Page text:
Nashville Symphony musicians are in the process of performing in three programs featuring the music of the German Romantic composer Felix Mendelssohn. Beginning last Friday through Sunday, the symphony accompanied the Nashville Ballet in Mendelssohn’s A Midsummer Night’s Dream at TPAC’s Jackson Hall.
Then (TONIGHT) Wednesday evening, April 29, symphony violinist Jessica Blackwell leads two string ensembles in performances of Mendelssohn’s famous Octet, as well as the Prelude and Scherzo, Op. 11 for string octet by Dmitri Shostakovich, as part of our ongoing Onstage series of free chamber music performances at Schermerhorn Symphony Center.
Finally, beginning (TOMORROW) Thursday, April 30 with performances following on Friday, May 1 and Saturday May 2, the symphony will perform Mendelssohn’s Piano Concerto No. 1 with guest soloist Benjamin Pasternack in a program that also includes music by contemporary composer Frank Tichelli and Tchaikovsky’s Symphony No. 6 “Pathetique”.
This weekend I was reminded of the embarrassment of riches we have in Music City. The symphony presented fabulous concerts on Friday and Saturday, featuring two works by American composer Michael Daugherty, both recent and one (Tales of Hemingway for Cello and Orchestra with the incomparable Zuill Bailey) a world premiere, alongside standard repertoire by Beethoven and Stravinsky. On Sunday, Music City Baroque presented their 10th Anniversary Season Finale with a performance of the Vivaldi Gloria at St. George’s Episcopal Church, and West End United Methodist Church presented a performance of A German Requiem by Johannes Brahms featuring their Chancel Choir under the direction of Matthew Phelps, with Margy Bredemann, soprano, and Jonathan Carle, baritone. Both of Sunday’s concerts were free.
This is the first in a series of occasional posts about the recorder, its historical and contemporary repertoire, its champions, and its place in music education.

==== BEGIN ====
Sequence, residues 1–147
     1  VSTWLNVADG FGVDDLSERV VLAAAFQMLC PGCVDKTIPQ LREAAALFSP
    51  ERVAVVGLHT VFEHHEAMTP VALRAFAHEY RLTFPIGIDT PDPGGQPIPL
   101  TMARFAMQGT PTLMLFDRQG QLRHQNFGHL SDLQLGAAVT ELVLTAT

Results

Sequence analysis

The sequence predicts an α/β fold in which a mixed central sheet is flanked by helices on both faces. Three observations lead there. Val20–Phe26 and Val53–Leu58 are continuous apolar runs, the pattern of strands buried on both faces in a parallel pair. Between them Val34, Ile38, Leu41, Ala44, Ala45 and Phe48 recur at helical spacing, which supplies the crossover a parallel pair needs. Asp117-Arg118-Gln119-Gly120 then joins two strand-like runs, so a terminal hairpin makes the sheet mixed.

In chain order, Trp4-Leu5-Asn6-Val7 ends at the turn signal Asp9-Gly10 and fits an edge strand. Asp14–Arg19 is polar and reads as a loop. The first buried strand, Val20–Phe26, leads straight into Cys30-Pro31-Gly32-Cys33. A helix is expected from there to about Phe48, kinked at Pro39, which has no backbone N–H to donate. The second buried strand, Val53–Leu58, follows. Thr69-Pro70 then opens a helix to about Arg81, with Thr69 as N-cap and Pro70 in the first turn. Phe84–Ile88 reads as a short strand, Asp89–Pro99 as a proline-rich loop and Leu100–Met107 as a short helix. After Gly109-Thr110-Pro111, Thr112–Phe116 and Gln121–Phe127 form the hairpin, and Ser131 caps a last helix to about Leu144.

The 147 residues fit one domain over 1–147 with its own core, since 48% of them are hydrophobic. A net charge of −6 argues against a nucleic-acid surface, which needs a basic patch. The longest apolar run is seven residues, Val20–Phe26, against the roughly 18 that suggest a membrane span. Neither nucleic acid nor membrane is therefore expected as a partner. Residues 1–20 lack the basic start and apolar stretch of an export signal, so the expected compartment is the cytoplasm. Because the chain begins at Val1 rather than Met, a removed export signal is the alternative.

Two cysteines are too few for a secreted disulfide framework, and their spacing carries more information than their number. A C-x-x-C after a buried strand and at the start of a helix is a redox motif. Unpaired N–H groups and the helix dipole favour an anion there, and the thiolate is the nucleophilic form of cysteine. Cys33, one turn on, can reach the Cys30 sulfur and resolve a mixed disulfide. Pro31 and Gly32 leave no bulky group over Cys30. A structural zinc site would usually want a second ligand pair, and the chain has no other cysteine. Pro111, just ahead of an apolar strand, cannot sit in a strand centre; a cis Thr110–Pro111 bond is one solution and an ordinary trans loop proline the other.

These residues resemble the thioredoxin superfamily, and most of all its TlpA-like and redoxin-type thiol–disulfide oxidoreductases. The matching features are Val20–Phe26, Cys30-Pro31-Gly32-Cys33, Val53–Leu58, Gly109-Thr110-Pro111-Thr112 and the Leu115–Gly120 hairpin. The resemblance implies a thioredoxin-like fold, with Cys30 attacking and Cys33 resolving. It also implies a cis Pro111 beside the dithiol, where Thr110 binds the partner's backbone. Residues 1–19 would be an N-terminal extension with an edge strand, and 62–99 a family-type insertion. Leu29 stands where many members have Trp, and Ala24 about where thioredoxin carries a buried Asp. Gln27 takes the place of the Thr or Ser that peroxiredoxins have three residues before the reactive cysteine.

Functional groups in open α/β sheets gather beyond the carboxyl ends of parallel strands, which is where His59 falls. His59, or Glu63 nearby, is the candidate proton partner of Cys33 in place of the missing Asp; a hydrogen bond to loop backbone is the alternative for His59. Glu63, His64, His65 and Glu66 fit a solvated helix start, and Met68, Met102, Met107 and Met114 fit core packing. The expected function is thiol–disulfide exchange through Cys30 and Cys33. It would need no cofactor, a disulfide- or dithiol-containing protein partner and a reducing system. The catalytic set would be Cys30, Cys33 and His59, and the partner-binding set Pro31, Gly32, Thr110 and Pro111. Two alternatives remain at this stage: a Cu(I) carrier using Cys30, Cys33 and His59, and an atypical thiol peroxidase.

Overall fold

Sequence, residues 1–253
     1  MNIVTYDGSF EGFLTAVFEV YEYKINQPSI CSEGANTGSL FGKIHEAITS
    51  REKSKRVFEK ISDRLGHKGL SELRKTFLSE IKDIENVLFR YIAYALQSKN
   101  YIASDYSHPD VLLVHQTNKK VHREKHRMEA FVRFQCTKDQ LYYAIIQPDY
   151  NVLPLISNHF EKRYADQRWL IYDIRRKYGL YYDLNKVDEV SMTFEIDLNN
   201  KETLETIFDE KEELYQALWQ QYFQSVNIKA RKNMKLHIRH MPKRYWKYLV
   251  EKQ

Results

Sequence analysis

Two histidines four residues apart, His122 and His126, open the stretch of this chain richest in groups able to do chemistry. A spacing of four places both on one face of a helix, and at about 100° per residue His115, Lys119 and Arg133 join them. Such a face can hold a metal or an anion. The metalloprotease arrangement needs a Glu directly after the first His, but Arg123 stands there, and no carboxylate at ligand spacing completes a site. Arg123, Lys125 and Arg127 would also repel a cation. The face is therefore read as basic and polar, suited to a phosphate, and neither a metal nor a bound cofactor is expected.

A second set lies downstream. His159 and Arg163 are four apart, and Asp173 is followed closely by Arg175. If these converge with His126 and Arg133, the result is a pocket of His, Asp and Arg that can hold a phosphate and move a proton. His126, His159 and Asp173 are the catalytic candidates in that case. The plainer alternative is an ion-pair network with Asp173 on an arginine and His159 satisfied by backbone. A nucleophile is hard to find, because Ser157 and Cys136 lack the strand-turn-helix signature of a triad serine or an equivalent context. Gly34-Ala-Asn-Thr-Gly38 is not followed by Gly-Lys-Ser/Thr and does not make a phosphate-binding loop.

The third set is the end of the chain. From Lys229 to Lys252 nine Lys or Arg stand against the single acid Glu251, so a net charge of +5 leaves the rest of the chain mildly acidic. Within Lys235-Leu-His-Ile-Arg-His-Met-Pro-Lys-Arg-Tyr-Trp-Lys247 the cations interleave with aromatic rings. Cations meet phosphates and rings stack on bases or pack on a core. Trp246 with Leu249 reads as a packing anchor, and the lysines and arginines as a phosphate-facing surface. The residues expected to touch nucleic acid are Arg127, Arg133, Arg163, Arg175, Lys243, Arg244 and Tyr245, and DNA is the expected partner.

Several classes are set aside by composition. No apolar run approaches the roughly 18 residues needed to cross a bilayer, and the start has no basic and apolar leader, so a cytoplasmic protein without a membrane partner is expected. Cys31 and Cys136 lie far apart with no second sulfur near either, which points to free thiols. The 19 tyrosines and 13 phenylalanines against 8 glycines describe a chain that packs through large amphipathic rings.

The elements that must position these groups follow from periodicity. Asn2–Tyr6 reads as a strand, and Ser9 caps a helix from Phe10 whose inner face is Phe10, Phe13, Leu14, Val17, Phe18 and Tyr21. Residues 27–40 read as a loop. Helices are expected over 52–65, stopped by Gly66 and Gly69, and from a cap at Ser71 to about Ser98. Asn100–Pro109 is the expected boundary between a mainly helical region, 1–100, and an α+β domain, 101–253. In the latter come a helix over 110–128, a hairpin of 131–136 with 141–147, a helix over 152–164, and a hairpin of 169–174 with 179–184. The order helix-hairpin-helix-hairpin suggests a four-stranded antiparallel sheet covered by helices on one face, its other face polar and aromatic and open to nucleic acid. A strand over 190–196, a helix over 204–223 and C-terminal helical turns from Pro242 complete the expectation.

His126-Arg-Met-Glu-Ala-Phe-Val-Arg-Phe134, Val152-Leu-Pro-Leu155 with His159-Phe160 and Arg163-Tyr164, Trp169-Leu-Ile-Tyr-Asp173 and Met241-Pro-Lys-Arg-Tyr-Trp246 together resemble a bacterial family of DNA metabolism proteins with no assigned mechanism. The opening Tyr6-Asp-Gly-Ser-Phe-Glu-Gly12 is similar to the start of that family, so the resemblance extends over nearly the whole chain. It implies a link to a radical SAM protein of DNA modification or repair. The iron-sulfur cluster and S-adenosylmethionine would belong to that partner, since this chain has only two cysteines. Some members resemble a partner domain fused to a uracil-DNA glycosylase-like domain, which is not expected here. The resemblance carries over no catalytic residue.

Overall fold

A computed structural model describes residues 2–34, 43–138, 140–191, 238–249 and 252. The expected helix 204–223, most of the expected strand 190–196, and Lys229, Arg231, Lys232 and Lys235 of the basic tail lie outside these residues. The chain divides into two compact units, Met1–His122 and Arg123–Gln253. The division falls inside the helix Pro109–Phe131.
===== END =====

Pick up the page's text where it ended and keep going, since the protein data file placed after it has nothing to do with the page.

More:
Being a recorder player has been a humbling experience. The recorder is not highly regarded in American musical culture, and most people who know of the instrument only know it because they were given a cheap plastic recorder in elementary school and learned to play a few simple tunes on it in a classroom setting. Occasionally I meet someone who is familiar with it from its occasional use by folk music groups or recognizes the instrument from the opening of Led Zeppelin’s Stairway to Heaven (or perhaps I’ve Seen All Good People by Yes). Most people – including many classical musicians I have met, and many elementary school music teachers who actually teach recorder to their music classes – are unaware of or uninformed about the recorder’s long history, or of its beautiful if modest historical repertoire that includes works written specifically for recorder by masters including J.S. Bach, Händel, and Vivaldi, or of it’s employment in virtuosic avant-garde compositions since the 1960s.
I just learned today that the Nashville Symphony has changed our program for student tickets to be inclusive of all students, from Kindergarten through university and graduate school. This program – called SOUNDCHECK – provides $10 tickets to Aegis Sciences Classical Series performances and has been in existence for years, but until this week the program has been limited to students enrolled in undergraduate or graduate programs.